“It's tangible, it's solid, it's beautiful. It's artistic, from my standpoint, and I just love real estate.”

Donald Trump

For the past two hundred years, cities have been magnets for people across the world, concentrating wealth and economic activity. As office development boomed to accommodate new workers, the countryside was emptied, first with the mechanisation of agriculture and more recently the export of manufacturing. China is the most recent to be transformed by huge urban developments.

But now the virus has shown business how it can de-centralise. Nearly all of central New York is thought to be home-working; meanwhile Land Securities, which owns office blocks worth £6 billion, said last week that less than 10% of its portfolio was being used. Supported by cloud computing and secure communications, many will never return to shimmering glass and concrete towers of financial intermediation such as Canary Wharf.

So, in this commentary we look at the changing shape of business, and why, notwithstanding the 15.3 million sq. ft. of office space being developed across 112 schemes in London, commercial real estate could become the dinosaur of the 21st century.

Within days of easing the brakes on the UK lockdown, scared commuters were bundling onto the London Underground. Those who could afford to travel by car were confronted by a re-imposed and increased congestion charge. Cities are not a good place to be at present, and everyone knows it.

In contrast, office-based businesses are getting to grips with home-working technology and, with the exception of lumbering utility giants, are understanding how to ensure that productivity and service levels are kept up to scratch. Most employees, having savoured the benefits of home-working, do not want to return to the commuting grind.

The impact is already being felt in the sector: Michael Cracknell, director at Deloitte Real Estate, has said that sentiment had “dramatically shifted” since work stopped at a number of sites, and that London offices have been left largely vacant during the lockdown. In his foreword to Deloitte’s Summer 2020 London Office Crane Survey he says: “The current mass remote working is the largest workplace experiment the world has ever seen.” 

There are immense savings to be made. Rent, rates and office support activities typically consume about a quarter of office-based company expenditure. Meanwhile the commercial real estate sector has become one of the most inflexible and most unpleasant to deal with, requiring long inflexible leases and demanding unreasonable deposits from small businesses. There is no love lost for a sector which has shown so little appreciation of the stress it can cause, and some might say that the US President’s love affair with real estate has brought many of these characteristics into the White House.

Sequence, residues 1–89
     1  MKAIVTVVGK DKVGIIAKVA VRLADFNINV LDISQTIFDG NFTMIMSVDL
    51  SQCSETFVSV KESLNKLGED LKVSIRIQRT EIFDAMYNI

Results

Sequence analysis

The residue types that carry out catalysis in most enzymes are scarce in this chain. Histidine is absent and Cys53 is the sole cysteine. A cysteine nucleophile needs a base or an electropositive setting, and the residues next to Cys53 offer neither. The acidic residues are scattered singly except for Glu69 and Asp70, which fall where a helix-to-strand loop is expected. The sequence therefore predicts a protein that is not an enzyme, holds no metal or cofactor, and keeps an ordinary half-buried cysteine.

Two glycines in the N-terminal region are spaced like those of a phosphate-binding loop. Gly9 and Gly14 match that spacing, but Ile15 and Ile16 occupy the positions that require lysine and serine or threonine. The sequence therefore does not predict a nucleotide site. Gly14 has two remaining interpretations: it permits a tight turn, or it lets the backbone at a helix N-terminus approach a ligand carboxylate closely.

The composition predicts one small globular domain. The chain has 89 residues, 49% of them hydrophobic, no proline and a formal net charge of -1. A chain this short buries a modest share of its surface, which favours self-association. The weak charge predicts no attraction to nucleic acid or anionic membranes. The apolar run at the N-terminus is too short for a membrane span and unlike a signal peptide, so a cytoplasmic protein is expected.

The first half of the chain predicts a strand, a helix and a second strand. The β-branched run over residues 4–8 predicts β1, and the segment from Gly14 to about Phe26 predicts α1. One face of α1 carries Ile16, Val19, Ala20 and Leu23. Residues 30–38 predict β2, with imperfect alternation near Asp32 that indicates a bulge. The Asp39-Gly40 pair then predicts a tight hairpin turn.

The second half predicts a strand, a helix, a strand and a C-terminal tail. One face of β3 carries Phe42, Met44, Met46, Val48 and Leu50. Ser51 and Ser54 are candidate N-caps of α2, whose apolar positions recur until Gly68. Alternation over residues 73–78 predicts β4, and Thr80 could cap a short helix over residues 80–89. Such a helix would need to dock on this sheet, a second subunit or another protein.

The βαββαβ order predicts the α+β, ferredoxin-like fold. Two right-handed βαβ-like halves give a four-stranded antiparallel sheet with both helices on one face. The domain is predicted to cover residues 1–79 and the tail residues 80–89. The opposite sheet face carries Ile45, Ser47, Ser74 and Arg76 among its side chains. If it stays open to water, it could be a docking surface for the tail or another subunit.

Most businesses are in a state of economic shock at present. It’s only bio-science and technology, plus those businesses wholly geared for online delivery, which are thriving. In the United States, they have lost as many jobs in five weeks as it took to create over eleven years, and their virus fatality rate is climbing ever higher towards the awful milestone of 100,000.

It’s not surprising, therefore, that during the two-month period to the end of April, 351 public-quoted companies across all UK indices have announced a cut in their dividend: see The Share Centre’s report on ‘Dividend Cuts: The Story So Far’.

But people are very creative, perhaps more so when locked down in isolation and forced to look for new ways of doing business. You can be sure that few of the new models will be based on urban concentration. We will emerge from the impending recession, but the world could look a very different place as people head out of town.

In some cases, that could be just as well, with many coastal conglomerations such as New York threatened with unavoidable sea level rise over the next century. Meanwhile the major world trading blocs are also re-evaluating their relationships: over the past 10-20 years, we have become accustomed to see China providing the supply chain and India the back-office for many industries - but their reactions to the virus has shown developed Western countries that they cannot rely on these external dependencies when the chips are down.

Cutting back on urban concentration will bring many knock-on effects across the economy, reducing the demand for travel and transport, and energy usage. However, as usual the early beneficiaries will be those who can afford to move, and the swathes of urban poverty will become even more of a major challenge when they have departed.

It’s for all these reasons that we have to re-think the way capitalism must work for the benefit of all, as we commented last week. Customer and employee share ownership must be a central feature to avoid a new ‘us and them’ division, and I was pleased to see Philip Aldrick’s article in the Times on Saturday 16th May, arguing for an employee share ownership revolution. He points out that just 13,000 out of 1.4 million UK companies offer worker ownership schemes, with just 1.9 million employees out of the 33 million UK workforce participating.

It all underpins the need for individual investor participation, which was the subject of a London Stock Exchange hosted webinar ten days ago - here’s a video recording of the event, which included Angela Knight, former Economic Secretary to the Treasury, Malcolm Stuttard of the London Stock Exchange, Richard Wilson, chief executive of Interactive Investor, and myself among its participants.

‘The times they are a-changing’ as Bob Dylan sang fifty years ago. They certainly are, and the virus emergency will be the catalyst for that change.

Gavin Oldham OBE

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